The goal of the exhibit, which will be on display in Milne during the weeks surrounding the annual Walter Harding Lecture this fall, is to share with current Geneseo students and faculty the kind of awe and pride Dr. Harding’s life and work has inspired in us. We want to reintroduce to the community this remarkable man and scholar that many have never had the pleasure to meet (and some may have never heard of), and to open their eyes to a man who, despite having such a large global impact, always remained humble. In this presentation of Dr. Harding’s knowledge, wit, and accomplishment, we only hope that we do justice to his legacy.
~ Article written by Demi Monachino
It’s official — Allison Brown is Milne library’s new Digital Publishing Services Manager. Allison was the successful candidate in last summer’s nationwide search to fill the newly-created position, bringing with her a proven track record of working with authors, navigating the publishing landscape, and producing a variety of publications.
Before you scratch your head too vigorously, wondering “But hasn’t Allison been here, doing that, long before this past summer?” — yes, she had been functioning as the digital publishing coordinator here in a temporary capacity for several years, and was instrumental in helping Milne build its publishing services from the ground up. The early projects, going back to 2012, include the Genesee Valley Historical Reprints Series (33 titles); Stuart Symington’s memoir, Tagging Along; and the first Proceedings of GREAT Day.
Since then, Allison has continued to produce more from Milne’s “press,” working closely with student groups, faculty, and emeriti at Geneseo and throughout SUNY. Among the current and ongoing projects she’s involved in is Open SUNY Textbooks, for which she is project manager — working closely with authors and coordinating peer review, editing, and publishing. She also continues to assist with production of the Proceedings of GREAT Day as well as advise for and coordinate publication of Gandy Dancer, the Geneseo-based, SUNY-wide student literary magazine edited by SUNY Geneseo students. With Gandy Dancer, Allison works closely with English professor Rachel Hall’s Editing & Production Workshop classes, both in and out of the classroom.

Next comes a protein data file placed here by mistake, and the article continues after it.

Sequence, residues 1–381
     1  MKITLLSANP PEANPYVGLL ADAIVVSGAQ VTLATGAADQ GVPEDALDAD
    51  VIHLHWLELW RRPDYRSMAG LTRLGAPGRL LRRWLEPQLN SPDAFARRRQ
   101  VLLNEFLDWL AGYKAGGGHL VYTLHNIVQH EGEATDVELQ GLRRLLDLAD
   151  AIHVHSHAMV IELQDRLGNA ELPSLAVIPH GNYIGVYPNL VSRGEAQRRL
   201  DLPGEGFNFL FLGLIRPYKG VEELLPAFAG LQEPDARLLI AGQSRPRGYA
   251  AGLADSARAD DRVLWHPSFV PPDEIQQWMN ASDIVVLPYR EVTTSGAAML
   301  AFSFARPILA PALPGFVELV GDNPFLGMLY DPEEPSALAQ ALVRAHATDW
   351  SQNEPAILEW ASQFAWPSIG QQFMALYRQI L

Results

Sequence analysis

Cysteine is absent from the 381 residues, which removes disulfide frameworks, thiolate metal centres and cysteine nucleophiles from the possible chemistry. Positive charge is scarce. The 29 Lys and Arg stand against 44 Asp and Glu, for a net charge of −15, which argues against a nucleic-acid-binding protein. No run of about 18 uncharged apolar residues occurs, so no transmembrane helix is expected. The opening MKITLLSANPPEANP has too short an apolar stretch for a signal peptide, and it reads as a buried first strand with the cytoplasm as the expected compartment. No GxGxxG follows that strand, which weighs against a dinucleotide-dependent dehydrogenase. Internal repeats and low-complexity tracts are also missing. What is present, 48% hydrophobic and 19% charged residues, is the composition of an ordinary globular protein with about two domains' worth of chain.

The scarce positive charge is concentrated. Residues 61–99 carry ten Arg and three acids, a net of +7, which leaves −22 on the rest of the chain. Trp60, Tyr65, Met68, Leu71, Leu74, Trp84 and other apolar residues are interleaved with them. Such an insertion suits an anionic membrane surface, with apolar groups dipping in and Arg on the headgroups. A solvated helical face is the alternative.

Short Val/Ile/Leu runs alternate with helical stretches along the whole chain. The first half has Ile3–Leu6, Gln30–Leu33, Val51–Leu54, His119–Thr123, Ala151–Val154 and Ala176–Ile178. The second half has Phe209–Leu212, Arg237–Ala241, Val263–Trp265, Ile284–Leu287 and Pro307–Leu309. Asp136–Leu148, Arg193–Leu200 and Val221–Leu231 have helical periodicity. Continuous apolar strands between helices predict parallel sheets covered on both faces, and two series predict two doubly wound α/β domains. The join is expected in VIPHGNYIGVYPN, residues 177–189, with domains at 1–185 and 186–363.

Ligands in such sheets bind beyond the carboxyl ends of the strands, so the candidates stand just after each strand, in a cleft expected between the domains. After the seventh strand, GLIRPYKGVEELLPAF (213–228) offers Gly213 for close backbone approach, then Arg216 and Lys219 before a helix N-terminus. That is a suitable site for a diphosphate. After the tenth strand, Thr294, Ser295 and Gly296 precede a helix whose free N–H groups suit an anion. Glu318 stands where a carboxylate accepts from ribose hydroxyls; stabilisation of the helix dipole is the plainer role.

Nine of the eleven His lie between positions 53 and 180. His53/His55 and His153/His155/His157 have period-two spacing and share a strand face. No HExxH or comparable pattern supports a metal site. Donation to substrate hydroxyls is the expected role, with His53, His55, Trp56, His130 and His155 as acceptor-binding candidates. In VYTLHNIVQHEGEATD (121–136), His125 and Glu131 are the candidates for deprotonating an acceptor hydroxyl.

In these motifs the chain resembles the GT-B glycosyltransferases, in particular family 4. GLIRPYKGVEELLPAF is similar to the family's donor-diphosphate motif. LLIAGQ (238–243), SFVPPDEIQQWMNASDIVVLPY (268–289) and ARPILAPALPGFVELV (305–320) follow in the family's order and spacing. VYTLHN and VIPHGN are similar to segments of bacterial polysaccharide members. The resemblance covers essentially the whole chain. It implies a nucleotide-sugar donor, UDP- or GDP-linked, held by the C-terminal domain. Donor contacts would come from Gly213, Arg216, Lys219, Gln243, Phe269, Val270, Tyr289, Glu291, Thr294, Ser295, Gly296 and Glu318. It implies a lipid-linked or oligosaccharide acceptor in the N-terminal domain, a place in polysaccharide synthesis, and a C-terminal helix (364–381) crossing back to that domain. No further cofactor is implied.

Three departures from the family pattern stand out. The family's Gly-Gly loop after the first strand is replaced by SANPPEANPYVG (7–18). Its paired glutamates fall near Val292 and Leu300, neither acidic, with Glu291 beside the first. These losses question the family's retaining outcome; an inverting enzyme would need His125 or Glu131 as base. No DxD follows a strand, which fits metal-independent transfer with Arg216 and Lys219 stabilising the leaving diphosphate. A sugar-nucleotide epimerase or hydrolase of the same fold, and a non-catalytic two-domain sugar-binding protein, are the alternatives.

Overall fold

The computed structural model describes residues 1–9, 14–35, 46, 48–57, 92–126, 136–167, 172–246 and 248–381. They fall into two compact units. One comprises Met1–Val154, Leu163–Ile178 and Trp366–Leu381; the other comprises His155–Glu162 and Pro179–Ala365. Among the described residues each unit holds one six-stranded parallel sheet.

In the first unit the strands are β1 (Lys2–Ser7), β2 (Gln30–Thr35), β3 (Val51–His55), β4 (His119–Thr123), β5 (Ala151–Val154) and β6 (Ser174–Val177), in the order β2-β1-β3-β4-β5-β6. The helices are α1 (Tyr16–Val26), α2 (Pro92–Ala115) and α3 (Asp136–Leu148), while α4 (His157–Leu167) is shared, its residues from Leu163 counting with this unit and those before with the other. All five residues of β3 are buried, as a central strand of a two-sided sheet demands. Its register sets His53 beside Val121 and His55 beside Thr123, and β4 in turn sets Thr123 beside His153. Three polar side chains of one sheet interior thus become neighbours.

As Digital Publishing Services Manager, Allison manages to offer both publication assistance (production, project management, software training, etc.) to authors and experiential learning to the interns with whom she regularly works. She expects both areas to grow as more authors explore alternative publishing options, including open access (OA) publications and digital projects, and more students seek help with producing and managing their publications.
Allison earned a B.A. in English from Houghton College and an M.F.A. in creative writing from Emerson College in Boston. Prior to coming to Milne Library, she worked at Boston College’s library as a circulation desk assistant. Allison is an avid consumer of audio books since, she says, she seems to spend a lot of time in her car (much of it driving between her home in Rochester and work in Geneseo), and listening is a good way to use that time.